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Overthrowing the unsatisfactory data status quo depends on more than declarations and calls to coordinate and partner. As we and others have noted (here and here), more and better funding is what’s needed to deliver on a data revolution.
International Monetary Fund Deputy Chief Roberto Rosales announced Monday a plan to encourage more countries to publish their economic and financial data in a timely manner, addressing concerns that essential information in developing countries and emerging markets is inaccurate and out of date. The IMF would require countries that adhere to the less stringent of two IMF data-reporting standards to publish their data according to an advance release calendar, as countries on the more stringent standards do.
What areas in Africa have the most critical lack of data and what needs to be done about it? What lessons can be learned from existing data innovations in Africa? What other data revolution principles and concrete actions should Africa adopt? How do we reinforce the data capacity of African development actors?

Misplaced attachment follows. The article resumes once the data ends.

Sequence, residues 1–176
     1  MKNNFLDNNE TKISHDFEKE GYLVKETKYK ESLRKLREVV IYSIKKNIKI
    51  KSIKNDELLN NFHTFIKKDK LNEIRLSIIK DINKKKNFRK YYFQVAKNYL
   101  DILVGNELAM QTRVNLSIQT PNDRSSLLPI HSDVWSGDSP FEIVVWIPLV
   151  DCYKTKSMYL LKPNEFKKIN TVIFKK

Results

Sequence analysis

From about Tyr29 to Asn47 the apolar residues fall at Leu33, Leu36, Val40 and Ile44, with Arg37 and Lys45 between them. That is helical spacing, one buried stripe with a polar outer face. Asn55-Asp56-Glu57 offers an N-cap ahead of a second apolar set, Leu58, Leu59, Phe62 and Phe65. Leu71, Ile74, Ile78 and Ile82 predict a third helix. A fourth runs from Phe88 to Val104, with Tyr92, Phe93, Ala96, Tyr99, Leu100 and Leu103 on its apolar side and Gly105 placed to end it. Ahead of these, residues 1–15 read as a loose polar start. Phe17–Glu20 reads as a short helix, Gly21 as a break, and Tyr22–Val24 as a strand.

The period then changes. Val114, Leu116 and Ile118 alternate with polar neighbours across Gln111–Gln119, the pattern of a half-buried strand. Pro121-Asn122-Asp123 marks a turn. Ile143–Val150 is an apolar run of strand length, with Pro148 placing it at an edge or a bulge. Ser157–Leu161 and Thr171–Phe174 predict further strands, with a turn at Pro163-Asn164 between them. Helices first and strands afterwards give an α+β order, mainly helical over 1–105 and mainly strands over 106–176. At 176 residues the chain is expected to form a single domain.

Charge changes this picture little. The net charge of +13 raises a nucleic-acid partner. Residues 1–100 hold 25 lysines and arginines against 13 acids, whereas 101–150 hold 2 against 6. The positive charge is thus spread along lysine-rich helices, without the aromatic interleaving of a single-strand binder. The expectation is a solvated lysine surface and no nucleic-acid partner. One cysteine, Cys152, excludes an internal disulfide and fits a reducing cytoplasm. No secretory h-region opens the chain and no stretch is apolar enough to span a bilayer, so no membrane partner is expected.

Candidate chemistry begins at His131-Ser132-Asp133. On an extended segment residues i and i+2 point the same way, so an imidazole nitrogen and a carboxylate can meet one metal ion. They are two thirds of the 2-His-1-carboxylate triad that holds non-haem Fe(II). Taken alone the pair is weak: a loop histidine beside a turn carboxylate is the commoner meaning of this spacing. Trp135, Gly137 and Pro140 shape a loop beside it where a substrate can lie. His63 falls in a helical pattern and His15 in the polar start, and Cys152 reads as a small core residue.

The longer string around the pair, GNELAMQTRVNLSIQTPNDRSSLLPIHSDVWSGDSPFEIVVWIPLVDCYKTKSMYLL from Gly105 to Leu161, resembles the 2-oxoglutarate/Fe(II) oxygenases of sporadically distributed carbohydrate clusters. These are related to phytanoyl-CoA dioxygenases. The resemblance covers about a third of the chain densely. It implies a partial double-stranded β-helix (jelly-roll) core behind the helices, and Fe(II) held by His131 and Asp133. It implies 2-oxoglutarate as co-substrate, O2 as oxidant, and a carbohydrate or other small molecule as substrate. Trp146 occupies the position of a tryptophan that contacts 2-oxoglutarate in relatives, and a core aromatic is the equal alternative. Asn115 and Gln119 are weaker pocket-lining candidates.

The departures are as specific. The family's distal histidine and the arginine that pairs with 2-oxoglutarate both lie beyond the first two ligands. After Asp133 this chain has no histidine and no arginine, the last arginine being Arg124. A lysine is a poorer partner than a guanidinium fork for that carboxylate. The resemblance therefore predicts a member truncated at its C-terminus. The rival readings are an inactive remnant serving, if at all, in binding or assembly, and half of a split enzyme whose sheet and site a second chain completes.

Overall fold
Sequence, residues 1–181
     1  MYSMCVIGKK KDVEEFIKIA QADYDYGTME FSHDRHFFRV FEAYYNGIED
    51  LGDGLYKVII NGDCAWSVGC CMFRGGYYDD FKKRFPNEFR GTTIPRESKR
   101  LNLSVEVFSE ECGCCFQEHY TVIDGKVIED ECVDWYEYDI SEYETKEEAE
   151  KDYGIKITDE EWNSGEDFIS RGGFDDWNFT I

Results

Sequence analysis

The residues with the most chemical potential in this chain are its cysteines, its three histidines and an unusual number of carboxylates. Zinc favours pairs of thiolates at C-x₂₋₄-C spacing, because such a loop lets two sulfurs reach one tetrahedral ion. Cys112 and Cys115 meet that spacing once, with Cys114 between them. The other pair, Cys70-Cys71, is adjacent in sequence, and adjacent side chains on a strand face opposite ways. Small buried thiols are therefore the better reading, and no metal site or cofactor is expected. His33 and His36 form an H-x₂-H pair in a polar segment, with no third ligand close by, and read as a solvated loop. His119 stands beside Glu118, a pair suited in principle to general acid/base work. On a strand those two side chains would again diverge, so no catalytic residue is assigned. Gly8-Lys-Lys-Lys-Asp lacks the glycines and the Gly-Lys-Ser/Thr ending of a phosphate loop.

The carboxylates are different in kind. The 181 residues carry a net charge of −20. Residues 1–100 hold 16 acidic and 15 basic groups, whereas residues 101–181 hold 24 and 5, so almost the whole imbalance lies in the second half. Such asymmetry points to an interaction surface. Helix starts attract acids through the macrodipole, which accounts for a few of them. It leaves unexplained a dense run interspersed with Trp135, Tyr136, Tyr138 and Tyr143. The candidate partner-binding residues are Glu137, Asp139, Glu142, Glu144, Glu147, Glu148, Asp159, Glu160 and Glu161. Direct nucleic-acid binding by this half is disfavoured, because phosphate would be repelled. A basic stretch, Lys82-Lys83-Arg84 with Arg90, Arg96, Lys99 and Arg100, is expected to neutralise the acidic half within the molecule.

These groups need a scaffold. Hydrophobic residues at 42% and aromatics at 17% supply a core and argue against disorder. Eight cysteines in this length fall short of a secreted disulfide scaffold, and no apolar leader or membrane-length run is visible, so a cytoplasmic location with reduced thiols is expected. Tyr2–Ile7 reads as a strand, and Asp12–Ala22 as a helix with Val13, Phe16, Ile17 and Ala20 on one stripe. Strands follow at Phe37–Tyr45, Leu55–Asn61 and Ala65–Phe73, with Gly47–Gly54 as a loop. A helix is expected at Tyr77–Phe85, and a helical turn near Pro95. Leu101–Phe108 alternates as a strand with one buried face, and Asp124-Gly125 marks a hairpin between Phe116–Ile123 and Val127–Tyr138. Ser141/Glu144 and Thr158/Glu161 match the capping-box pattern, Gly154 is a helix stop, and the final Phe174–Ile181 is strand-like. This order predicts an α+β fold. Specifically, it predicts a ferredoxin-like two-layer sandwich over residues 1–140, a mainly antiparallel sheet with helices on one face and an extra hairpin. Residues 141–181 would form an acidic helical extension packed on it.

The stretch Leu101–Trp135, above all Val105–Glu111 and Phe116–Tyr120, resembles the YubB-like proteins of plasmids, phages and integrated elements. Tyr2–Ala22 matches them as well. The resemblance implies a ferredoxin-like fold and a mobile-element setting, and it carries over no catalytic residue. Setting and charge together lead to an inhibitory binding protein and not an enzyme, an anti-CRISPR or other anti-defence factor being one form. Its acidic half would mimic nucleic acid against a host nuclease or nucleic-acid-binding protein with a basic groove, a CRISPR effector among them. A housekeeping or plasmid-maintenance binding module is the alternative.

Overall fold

In recent years, Tanzania has discovered natural gas reserves off its southern coast worth roughly 15 times its annual GDP, at least before the recent oil-price slump. How can Tanzania use that money, if and when it arrives, and avoid the notorious resource curse?
In testimony last week before the Senate Foreign Relations Subcommittee on Africa and Global Health Policy, CGD’s Ben Leo called upon Congress to modernize how the United States supports economic growth in sub-Saharan Africa. The hearing was called to reflect on the progress since the August 2014 US-Africa Leaders Summit in Washington and to address obstacles that continue to discourage greater private-sector engagement in the region.
Why is Europe suddenly cozying up to Zimbabwe’s nonagenarian kleptocrat? On February 21, Zimbabwe’s president Robert Mugabe celebrated his 91st birthday followed by a lavish party with an exotic menu, reportedly including barbequed baby elephant.
The African Development Bank almost wasn’t. Twenty years ago, the Bank lost its crucial AAA credit rating and its future was very much in doubt. Yet now it is held up as one of the largest sources of infrastructure finance for the region, a multilateral financing institution owned by 53 African and 25 non-regional governments, akin to a regional World Bank.
In Ghana, an exemplar of African democracy and development, electricity is quickly becoming a front-burner political issue. Thousands took to the streets of the capital Accra on Wednesday chanting ‘enough is enough!’ about electricity blackouts.